Last Updated on January 28, 2020 by Fiona Maclean
Enter the mind of Pulitzer Prize winner Cormac McCarthy through Terry Johnson’s new production.
If you’re looking for a play to challenge both your intellect and your soul, step away from the musical fantasies of Shaftesbury Avenue and, take a seat at the fabulous new Boulevard Theatre in Walker’s Court Soho for The Sunset Limited.
On the tiny stage, two men sit locked in a debate in a shabby apartment block. The apartment’s owner is Black, an ex-convict turned born-again Christian-evangelist. He has brought home the atheist academic, White, having prevented him from committing suicide on the New York subway. Over the course of the play, their contrary views are batted to and fro across a kitchen table whilst Black seeks to “save” White from his deep despair.
We learn that Black has suffered personal tragedy and has a violent backstory, but having been “saved” by God he believes that everything happens for a reason as part of a grand plan. Black believes his next challenge is to prevent White from setting off into the sunset, permanently. Confident in his beliefs, he’s jovial and entertaining and refuses to unlock the apartment door, despite White’s insistence that he needs to move on. He draws White into conversation seeking to understand and refute the reasons behind White’s despair.
White responds with intellectual cynicism: “I don’t regard my state of mind as some pessimistic view of the world. I regard it as the world itself”. He is a misanthrope. He has no family or friends amongst his fellow academics and expresses his loathing for the people who ride the subway with him twice a day, five times per week. For him, Hell is other people. At one time his God was man. A humanist, a scholar, a lover of art and culture, White now despairs for man’s future: “Civilisation died in the chimneys of Dachau”. We learn little of his life, it seems he has already withdrawn from it.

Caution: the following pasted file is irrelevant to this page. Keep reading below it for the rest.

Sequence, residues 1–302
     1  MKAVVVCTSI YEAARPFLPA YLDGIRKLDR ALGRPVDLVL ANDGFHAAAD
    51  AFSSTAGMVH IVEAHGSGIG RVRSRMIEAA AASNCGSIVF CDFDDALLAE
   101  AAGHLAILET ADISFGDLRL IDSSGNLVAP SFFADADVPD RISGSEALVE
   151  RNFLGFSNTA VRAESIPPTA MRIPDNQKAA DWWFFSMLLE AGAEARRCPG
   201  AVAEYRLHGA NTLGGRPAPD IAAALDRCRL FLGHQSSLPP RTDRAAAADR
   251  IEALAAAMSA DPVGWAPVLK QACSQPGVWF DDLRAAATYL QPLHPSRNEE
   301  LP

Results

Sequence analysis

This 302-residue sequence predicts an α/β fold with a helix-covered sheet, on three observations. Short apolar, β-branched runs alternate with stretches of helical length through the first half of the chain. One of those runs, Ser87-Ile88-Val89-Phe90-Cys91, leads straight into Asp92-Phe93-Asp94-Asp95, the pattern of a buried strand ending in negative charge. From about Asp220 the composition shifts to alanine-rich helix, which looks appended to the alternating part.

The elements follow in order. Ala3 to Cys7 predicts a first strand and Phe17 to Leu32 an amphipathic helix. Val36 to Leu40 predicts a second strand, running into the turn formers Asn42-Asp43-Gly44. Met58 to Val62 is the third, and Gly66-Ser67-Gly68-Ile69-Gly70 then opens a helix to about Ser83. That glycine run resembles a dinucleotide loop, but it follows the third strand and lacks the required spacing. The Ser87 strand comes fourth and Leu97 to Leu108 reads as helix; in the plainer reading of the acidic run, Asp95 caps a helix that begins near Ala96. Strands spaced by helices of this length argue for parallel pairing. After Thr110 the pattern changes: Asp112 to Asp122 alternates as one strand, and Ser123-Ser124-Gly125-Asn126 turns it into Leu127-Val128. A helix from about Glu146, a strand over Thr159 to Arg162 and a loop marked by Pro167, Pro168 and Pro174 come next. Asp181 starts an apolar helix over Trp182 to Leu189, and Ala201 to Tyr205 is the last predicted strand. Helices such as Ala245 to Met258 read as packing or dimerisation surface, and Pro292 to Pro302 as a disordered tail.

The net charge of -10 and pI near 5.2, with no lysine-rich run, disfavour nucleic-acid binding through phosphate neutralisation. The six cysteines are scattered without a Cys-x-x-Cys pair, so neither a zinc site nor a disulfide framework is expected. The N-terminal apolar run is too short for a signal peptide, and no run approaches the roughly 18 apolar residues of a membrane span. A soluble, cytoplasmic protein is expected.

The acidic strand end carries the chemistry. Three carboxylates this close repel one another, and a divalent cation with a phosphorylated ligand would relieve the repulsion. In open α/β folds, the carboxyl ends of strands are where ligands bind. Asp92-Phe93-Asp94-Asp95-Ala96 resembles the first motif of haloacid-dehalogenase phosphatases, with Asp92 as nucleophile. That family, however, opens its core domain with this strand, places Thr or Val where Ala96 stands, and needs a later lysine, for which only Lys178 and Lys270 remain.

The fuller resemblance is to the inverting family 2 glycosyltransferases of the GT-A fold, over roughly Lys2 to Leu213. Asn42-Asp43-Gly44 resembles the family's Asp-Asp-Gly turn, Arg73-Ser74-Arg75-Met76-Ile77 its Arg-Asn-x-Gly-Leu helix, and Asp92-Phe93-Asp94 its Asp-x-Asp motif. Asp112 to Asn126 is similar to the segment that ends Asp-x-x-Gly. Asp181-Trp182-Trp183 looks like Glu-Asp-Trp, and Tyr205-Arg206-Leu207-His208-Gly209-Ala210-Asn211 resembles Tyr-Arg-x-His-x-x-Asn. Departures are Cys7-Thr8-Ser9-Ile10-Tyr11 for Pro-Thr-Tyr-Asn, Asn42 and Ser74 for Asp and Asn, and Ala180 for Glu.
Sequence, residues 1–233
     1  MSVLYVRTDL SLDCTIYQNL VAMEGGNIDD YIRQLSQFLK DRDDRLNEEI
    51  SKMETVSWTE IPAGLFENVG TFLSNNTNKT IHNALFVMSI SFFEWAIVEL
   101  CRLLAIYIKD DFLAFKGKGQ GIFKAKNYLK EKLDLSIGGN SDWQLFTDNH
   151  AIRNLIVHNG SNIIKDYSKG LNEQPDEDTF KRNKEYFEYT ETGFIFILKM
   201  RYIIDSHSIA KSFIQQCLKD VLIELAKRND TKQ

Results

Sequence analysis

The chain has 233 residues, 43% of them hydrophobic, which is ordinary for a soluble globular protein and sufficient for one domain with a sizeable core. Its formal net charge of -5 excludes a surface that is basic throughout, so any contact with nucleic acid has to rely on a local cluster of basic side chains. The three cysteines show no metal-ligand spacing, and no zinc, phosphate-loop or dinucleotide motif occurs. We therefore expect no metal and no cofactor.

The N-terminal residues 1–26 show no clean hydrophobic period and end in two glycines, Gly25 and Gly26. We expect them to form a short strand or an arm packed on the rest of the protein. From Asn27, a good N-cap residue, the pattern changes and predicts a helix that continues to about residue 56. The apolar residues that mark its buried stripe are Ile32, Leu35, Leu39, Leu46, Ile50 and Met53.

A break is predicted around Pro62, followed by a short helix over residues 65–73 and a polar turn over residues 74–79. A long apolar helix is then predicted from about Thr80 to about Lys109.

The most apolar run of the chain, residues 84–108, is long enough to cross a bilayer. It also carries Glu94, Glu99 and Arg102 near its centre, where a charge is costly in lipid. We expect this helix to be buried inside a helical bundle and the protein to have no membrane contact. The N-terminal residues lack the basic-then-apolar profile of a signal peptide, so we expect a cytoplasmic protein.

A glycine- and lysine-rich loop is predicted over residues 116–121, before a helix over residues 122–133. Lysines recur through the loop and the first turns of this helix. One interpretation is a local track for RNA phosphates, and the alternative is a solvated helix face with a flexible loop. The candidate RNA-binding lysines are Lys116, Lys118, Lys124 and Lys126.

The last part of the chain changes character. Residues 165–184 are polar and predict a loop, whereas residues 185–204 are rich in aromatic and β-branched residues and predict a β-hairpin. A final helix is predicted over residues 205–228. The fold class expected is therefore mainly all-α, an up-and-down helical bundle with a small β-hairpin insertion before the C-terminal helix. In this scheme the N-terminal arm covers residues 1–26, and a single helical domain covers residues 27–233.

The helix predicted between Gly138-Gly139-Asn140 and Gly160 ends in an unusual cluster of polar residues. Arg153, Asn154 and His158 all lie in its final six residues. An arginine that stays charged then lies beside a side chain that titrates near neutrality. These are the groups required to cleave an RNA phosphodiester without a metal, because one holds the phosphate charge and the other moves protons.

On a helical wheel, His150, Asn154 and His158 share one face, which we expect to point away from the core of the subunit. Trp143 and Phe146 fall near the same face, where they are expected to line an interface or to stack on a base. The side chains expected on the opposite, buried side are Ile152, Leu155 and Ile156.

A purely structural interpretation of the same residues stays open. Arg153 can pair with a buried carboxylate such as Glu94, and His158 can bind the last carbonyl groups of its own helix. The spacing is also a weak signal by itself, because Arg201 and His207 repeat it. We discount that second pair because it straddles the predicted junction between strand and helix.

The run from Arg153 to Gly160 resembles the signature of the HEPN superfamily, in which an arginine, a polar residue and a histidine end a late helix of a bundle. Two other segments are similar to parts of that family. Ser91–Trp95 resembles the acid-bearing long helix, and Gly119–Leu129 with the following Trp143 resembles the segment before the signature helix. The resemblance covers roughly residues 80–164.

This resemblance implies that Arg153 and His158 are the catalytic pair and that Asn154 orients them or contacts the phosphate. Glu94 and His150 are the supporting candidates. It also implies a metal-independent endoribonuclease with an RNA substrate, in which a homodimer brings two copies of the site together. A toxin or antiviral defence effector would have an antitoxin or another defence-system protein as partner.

The Sunset Limited was published in 2006, the same year as Cormac McCarthy’s The Road and echoes its themes of purpose, existence and survival. The intimacy of the Boulevard Theatre coupled with the excellent set design and lighting ensure the audience’s attention remains totally focussed on the actors’ and McCarthy’s. Whilst the constant presence of the subway and occasional external neighbour-noise remind us that life continues elsewhere and will do so whatever the outcome of this debate.
For 95 minutes, The Sunset Limited will grip you. The dialogue is laced with dark humour and moral questions. Gary Beadle and Jasper Britton as Black and White are engrossing, delivering this “Novel in Dramatic Form” (the play’s subtitle), with emotional depth and integrity. It may challenge you to consider your own values and beliefs – be sure to take a friend as you may need a long discussion afterwards…
Photos credit: Marc Brenner and Helen Murray
The Sunset Limited is playing at the Boulevard Theatre until 29 February 2020.
Monday–Saturday at 19,30, Thursday and Saturday matinees at 14.30; the production lasts 95 minutes with no interval.
The Boulevard Theatre is at 6 Walker’s Court, Soho, London, W1F 0BT
We can heartily recommend the Boulevard Theatre Restaurant if you are looking for somewhere to eat before or after the show.
Also showing in London’s West End at the moment is a sterling production of Uncle Vanya – check our review.
Or if you fancy heading south, The Welkin at the National Theatre on the Southbank comes highly recommended